A Review Article AHerbal and Dietary Supplement–Drug Interactions in Patients Taking Digoxinbout Digoxin-Herb and Dietary Supplement Interactions

  • Forouzan Ahmadpour * 1Department of Pharmacotherapy, School of Pharmacy, Razi Herbal Medicines Research Center, Lorestan University of Medical Sciences, Khorramabad, Iran https://orcid.org/0000-0002-1142-6088
  • Fatemeh Ahmadpour Department of Clinical Biochemistry, Faculty of Medicine, Ahvaz Jundishapur University of Medical Sciences. Ahvaz, Iran
Keywords: Digoxin, Herb-drug interaction, Food-drug interactions


Many people who use prescription medication also take complementary and alternative medicines such as a vitamin, minerals, herbal products, or other botanical drugs. The mechanisms of interaction can be based on the following methods: affecting the absorption, metabolism, and disposition of other drugs. Pharmacological effects of digoxin include the increased force of myocardial contraction, decreased heart rate and the activity of the sympathetic nervous system. Digoxin is characterized by a narrow therapeutic index and is the potential drug for interacting with other drugs, herbs, and supplements. Since these interactions can cause fatal and dangerous complications; with regard to these properties, we decided to review the evidence about the interaction between herbal-dietary supplements and digoxin. We searched several sources, including MEDLINE (PubMed), Embase, CINAHL, the Cochrane Library, CISCOM databases from 1970 to 2018. Our keyboards for the search were digoxin interactions, digoxin-drug interaction, digoxin-supplement interaction, and herb-drug interaction. We reviewed the following types of articles for writing this review article: case reports, case series, original articles, and review articles. Taking together, 210 articles were obtained from databases. However, only seventy-one related articles were chosen for the preparation of this review article. We found fifty herbal products that could interact via a different mechanism with digoxin. St. John’s wort has the most documented interactions with digoxin. Some of the information on these reviews resulted from in vitro and animal studies with no clinical evidence, and others resulted from clinical evidence. Therefore, our confirmation of them in the body is incomplete. We recommend that the use of these herbs with digoxin be avoided.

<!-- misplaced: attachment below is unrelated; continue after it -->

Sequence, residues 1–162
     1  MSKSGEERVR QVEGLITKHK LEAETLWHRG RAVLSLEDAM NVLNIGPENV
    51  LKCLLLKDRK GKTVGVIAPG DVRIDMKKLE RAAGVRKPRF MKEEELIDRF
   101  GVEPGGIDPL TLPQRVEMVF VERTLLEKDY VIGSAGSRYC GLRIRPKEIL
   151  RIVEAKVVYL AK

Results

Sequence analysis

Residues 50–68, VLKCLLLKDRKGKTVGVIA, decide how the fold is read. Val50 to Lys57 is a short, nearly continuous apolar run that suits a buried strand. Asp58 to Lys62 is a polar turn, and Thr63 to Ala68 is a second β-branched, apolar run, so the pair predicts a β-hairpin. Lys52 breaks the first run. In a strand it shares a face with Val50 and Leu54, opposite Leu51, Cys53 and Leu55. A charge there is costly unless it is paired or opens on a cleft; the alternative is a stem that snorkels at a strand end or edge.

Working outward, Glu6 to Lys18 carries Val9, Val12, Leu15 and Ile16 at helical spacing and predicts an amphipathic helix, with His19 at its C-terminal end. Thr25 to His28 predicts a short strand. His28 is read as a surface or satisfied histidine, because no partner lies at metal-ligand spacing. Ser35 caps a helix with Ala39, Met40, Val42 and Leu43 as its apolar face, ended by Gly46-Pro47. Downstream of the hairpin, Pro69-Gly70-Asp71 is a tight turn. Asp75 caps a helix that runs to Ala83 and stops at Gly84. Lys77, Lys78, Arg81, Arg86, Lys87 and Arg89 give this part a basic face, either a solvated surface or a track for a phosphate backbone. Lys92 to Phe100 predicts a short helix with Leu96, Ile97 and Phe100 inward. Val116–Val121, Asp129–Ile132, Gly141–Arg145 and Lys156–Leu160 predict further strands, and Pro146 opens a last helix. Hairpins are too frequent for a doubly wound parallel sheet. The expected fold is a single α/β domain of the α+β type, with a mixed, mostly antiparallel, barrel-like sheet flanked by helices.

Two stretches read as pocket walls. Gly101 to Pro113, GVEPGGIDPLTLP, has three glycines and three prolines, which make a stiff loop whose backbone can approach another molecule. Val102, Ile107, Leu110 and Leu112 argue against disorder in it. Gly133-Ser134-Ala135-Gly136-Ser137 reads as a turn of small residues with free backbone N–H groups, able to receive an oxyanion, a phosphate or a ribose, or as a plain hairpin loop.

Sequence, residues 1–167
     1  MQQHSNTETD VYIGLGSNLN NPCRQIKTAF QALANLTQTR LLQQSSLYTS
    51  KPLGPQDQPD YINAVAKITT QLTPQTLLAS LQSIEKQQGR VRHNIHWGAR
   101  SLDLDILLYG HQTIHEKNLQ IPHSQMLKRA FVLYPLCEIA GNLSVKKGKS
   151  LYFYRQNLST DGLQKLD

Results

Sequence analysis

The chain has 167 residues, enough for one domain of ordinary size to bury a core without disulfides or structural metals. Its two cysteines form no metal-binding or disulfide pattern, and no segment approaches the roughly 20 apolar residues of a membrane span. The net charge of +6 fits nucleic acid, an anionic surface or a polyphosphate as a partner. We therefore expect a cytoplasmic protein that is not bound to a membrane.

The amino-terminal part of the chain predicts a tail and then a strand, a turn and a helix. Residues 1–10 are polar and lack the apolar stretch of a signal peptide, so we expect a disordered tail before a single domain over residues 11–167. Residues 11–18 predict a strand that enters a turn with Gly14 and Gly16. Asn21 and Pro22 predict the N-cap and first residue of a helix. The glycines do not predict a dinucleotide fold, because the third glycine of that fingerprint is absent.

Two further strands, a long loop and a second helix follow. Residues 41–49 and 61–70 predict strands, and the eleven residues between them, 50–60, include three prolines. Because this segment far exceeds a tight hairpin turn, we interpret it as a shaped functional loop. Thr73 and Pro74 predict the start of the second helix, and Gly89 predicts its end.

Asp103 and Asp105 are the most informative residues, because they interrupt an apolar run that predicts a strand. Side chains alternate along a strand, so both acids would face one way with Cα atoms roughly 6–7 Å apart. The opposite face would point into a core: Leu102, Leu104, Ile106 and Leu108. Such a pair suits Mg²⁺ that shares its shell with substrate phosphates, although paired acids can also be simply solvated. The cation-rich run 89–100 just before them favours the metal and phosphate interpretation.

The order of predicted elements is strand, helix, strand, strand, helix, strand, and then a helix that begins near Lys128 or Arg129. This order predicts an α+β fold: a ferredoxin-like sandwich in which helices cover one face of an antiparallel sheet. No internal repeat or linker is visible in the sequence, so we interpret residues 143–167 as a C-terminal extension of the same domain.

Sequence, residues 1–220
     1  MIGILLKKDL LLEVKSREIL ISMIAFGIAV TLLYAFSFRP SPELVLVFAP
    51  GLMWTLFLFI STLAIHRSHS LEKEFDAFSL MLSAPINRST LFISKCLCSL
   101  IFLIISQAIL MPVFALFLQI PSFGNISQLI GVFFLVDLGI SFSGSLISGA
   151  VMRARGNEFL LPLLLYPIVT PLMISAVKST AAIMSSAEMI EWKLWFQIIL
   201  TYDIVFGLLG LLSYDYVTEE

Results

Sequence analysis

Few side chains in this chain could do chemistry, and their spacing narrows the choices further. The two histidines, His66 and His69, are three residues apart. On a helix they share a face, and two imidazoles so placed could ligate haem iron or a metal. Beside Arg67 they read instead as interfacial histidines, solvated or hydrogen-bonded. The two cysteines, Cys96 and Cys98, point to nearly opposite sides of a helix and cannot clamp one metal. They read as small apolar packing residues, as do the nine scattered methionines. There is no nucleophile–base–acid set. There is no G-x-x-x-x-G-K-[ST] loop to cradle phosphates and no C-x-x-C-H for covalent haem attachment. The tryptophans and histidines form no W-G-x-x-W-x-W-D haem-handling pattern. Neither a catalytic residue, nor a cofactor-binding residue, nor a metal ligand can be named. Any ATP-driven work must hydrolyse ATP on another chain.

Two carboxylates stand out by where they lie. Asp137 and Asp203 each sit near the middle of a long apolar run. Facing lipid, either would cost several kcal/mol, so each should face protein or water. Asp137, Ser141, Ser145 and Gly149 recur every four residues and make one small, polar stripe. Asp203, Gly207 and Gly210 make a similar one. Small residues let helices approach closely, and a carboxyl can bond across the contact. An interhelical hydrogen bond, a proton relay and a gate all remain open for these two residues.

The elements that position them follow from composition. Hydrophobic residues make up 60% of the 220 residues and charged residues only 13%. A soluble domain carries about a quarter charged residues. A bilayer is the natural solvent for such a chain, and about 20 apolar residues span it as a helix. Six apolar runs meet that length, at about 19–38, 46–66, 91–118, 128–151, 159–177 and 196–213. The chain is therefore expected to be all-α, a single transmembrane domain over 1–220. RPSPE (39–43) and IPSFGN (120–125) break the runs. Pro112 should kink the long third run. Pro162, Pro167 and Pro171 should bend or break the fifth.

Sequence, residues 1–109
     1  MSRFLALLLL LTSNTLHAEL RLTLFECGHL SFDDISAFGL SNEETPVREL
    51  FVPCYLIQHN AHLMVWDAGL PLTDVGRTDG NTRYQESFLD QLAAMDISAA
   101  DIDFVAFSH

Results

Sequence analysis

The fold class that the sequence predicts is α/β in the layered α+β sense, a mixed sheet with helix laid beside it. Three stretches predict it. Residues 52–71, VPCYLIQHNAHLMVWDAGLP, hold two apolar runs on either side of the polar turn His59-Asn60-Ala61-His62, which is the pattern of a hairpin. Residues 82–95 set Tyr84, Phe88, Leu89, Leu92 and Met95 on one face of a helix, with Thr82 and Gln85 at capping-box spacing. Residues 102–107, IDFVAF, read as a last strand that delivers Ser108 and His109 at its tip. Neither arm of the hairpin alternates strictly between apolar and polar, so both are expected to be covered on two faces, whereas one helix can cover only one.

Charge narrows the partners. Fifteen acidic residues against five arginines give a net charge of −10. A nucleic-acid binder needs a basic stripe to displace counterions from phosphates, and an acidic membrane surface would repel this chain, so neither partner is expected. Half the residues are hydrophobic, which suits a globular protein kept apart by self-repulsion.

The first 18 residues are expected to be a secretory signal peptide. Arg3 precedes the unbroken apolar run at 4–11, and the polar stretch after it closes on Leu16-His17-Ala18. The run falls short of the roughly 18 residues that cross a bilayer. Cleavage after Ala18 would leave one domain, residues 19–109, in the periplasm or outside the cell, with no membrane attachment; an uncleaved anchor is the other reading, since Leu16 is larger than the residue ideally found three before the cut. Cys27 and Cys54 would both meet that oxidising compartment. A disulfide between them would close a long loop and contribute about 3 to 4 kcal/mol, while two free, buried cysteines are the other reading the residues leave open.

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Review Article